In the first year that I was there, we did collect data of PA use. We are keeping track of those numbers still. We have noticed reduction in two full time staff physicians, we were able to compensate for that reduction by hiring a PA. I was able to see the same number of new patients that a staff would see.
For example, there is two radiation oncologists who treat endocrine malignancies, so both pituitary and thyroid cancers. When I was introduced to the practice I was seeing 1/3rd of the patients.
“I was contributing just as much as a staff physician in terms of the number of new patients and follow up patients I was seeing, which made it financially feasible to keep me around, as well as improve our access to care.”
Benefit #3 – PAs can help increase # of patients seen while reducing wait times
One huge thing we noticed, is that we only have one neuroendocrine clinic per week, and like I said we only have two radiation Oncology physicians that are in charge of it. We also cover a wide catchment area, so our wait times at one point were up to 2-3 months, and although thyroid cancer tends to be slow growing, and it is safe to wait that long and pituitary tumors tend to be benign more often than not.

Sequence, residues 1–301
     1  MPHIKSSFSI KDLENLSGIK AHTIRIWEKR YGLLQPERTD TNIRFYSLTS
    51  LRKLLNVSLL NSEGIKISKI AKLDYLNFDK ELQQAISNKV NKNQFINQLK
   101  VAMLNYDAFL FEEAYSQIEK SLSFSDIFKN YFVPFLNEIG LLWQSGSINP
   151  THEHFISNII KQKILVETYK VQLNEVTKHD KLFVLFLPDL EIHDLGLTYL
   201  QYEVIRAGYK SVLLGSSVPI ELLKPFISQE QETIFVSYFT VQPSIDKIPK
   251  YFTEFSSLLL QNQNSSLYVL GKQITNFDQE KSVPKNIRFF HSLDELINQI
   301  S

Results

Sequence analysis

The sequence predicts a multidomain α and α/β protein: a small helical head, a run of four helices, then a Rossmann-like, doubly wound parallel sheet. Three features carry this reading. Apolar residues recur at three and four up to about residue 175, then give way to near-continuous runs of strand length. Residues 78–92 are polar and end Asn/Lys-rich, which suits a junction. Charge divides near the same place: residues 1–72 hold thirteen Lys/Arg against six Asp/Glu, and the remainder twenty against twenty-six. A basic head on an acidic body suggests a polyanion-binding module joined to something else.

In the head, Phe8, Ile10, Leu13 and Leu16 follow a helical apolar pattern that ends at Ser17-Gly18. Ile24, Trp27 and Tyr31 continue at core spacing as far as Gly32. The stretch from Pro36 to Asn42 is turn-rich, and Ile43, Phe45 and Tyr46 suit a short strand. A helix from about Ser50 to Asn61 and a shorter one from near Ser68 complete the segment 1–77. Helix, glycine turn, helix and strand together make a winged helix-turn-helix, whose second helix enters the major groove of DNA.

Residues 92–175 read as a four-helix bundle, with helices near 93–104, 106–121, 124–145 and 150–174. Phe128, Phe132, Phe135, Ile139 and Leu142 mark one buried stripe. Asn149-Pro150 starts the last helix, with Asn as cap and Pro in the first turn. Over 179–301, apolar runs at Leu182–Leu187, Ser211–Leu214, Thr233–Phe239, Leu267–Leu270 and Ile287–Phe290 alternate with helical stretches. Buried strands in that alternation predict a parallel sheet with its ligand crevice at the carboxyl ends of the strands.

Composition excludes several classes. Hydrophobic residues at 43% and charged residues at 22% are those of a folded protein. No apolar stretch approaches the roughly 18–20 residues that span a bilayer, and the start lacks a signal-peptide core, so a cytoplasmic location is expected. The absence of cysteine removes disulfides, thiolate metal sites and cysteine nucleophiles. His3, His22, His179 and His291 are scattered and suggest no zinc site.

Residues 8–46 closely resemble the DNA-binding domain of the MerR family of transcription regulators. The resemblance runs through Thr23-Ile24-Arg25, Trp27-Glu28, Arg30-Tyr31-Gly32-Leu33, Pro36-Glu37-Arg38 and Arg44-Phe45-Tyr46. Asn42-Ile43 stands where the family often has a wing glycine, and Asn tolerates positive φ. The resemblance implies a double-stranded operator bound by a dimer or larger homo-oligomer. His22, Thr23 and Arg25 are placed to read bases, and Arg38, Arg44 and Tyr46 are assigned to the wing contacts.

“When I was introduced, we were able to see a lot more consults and a lot more follow up patients. Our wait times is now 3 weeks, decresaed from an initial wait time of 3 months.”
The multiple site groups have had that opportunity, that’s why they’ll put me in a site group where there is a lack of a staff physician or where there are more consults than anticipated for that time frame.
The idea that “PAs replace physicians” is a misconception
PAs are NOT replacements for Radiation Oncologists. Like I said, there is a lot that happens behind the scenes that only the radiation oncologists can do, which I absolutely cannot help with. But what I can do is help Radiation Oncologists with their clinical workload, which is seeing patients. This frees Radiation Oncologists to perform treatment planning so that these patients can actually be planned and tee-ed up for their treatment, and treatment can then be delivered in a timely manner.
Cancer Care Ontario (CCO) mandates that we see our new consults within two weeks of the referral being sent to us. Radiation Oncology is not like other specialties where we can just hold on to these referrals and say ‘Oh we’ll see when we can get to you’.
These are cancer patients, and time is of the essence. We have to get to them sooner rather than later, and if I can help see extra patients in clinics, it frees up that much more time for the radiation oncologist to work behind the scenes, both for resident and fellow teaching, as well as being able to plan the radiation treatment plan for the patients.
I would not say that I am replacing them, I would be better described as an extra pair of hands that helps radiation oncologists cover the clinical load that we have.